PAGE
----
The sudden weather change coming this weekend may be the fastest warm-up on record, meteorologists say.

But as the temperatures abruptly turn warmer, US emergency officials warn of flooding and utility risks.

Pipes can burst with such temperature fluctuations, and rapidly melting snow and ice could cause flooding, the Federal Emergency Management Agency cautioned.

How cold did it get?

More than 30 record lows were broken across the Midwest.

Cotton, Minnesota, was the coldest place in the US on Thursday with a low of -48C (-56F) based on preliminary data.

Chicago passed the record low for 31 January, while Mount Carroll has probably beaten the Illinois record with a morning temperature of -39C (-38F).

Chicago is using fire to melt snow on the railway and keep the trains running

Cities across Iowa have also broken temperature records.

The chill drifted eastward on Thursday, bringing sub-zero temperatures to north-eastern cities such as Boston.

Much of Chicago River has frozen over

With wind chill factored in, temperatures of -40C (-40F) in the Midwest and Great Lakes have felt closer to -53C (-63F), which is enough to cause frostbite in less than five minutes.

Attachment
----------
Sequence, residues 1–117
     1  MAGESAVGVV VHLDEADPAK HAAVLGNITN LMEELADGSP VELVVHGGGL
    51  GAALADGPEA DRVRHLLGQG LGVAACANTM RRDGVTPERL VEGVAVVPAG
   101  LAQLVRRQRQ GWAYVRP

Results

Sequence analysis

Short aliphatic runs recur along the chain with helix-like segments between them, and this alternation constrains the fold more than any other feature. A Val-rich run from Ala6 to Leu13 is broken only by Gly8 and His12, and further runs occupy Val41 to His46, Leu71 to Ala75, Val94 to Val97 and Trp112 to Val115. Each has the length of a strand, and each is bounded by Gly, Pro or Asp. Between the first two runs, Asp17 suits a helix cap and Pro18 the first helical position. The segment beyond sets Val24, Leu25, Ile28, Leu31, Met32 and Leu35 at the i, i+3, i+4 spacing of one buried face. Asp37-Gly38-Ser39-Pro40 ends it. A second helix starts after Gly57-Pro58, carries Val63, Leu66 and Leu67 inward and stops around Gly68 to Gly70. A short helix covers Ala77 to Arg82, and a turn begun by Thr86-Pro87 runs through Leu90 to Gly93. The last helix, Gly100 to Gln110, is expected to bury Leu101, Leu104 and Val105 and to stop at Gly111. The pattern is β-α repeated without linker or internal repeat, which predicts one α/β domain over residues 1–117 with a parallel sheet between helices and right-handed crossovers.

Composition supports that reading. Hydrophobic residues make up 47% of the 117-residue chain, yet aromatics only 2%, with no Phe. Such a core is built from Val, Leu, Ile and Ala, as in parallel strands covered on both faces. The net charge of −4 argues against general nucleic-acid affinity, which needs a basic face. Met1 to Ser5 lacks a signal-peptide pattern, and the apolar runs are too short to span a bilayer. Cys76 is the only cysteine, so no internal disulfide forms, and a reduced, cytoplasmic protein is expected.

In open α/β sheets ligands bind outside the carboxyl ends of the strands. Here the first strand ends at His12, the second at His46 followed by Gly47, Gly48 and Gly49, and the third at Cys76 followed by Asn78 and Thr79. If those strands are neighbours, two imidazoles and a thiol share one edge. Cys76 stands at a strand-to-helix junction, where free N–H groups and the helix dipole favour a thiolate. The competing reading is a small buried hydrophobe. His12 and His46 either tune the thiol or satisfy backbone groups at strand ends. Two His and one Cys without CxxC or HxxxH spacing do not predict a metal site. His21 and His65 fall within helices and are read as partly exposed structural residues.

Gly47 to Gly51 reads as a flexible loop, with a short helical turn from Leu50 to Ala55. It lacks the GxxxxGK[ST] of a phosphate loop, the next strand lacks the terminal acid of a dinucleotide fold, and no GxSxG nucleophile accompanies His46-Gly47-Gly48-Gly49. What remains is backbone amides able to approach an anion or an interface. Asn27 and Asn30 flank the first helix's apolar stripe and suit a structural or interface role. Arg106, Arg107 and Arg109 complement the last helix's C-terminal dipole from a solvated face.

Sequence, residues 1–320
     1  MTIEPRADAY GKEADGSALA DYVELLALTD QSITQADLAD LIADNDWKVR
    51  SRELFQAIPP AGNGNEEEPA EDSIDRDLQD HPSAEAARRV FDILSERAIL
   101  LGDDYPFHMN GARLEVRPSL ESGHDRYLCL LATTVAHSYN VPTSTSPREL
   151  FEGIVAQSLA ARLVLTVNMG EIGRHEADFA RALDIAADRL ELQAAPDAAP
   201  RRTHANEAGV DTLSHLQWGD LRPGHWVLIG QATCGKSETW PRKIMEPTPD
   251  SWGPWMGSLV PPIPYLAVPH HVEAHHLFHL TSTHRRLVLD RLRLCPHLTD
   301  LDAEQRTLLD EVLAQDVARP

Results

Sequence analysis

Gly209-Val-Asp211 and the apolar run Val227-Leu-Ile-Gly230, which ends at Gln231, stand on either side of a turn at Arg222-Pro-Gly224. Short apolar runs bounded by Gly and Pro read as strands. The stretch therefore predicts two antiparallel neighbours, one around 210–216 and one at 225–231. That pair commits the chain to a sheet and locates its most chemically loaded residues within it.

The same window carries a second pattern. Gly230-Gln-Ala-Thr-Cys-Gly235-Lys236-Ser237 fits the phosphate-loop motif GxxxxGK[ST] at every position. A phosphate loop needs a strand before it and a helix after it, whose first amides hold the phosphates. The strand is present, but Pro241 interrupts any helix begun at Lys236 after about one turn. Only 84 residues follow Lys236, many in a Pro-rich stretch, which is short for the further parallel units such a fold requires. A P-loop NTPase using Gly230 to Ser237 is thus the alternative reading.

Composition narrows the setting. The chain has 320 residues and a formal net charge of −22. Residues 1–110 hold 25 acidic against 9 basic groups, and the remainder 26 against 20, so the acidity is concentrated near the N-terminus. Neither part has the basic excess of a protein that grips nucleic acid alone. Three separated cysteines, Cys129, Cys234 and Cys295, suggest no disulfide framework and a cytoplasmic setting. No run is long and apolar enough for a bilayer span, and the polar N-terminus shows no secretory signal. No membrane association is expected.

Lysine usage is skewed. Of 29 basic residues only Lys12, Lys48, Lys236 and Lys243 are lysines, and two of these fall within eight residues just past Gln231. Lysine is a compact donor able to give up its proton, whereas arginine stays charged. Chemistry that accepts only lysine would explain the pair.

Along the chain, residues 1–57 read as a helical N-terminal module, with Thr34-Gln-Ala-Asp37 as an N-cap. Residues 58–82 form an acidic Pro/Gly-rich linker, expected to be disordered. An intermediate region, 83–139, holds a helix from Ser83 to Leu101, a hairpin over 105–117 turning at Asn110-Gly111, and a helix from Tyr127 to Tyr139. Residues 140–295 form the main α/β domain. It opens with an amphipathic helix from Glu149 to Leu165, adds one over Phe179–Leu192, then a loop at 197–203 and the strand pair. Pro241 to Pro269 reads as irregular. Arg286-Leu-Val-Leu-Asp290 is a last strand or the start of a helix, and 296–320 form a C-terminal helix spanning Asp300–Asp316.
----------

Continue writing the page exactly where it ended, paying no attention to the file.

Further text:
Snow plough in Buffalo, New YorkSnow plough in Buffalo, New York

How is the cold snap affecting daily life?

The Arctic weather could cost the US billions of dollars. In 2014, a similar polar freeze cost the country an estimated $5bn (£3.8bn), CBS News reports.

In Minnesota and Michigan, residents were asked by gas companies to turn down their home thermostats to help handle heating demands.

Consumers Energy, a natural gas provider in Michigan, had a fire on Wednesday morning that damaged equipment and temporarily affected how much gas could be sent out to customers.

Native American tribes in the northern Midwest states helped their members obtain heating supplies as many live in poor-quality housing, the Associated Press reports.

Andrea Cusack, a pharmacist in Michigan, began using her snowmobile to deliver essential prescriptions to snowed-in residents, according to the Lansing State Journal.

More than 2,300 flights have been cancelled and another 3,500 delayed due to the polar vortex.

Social media has been full of photos and memes showcasing just how shockingly cold the Midwest became.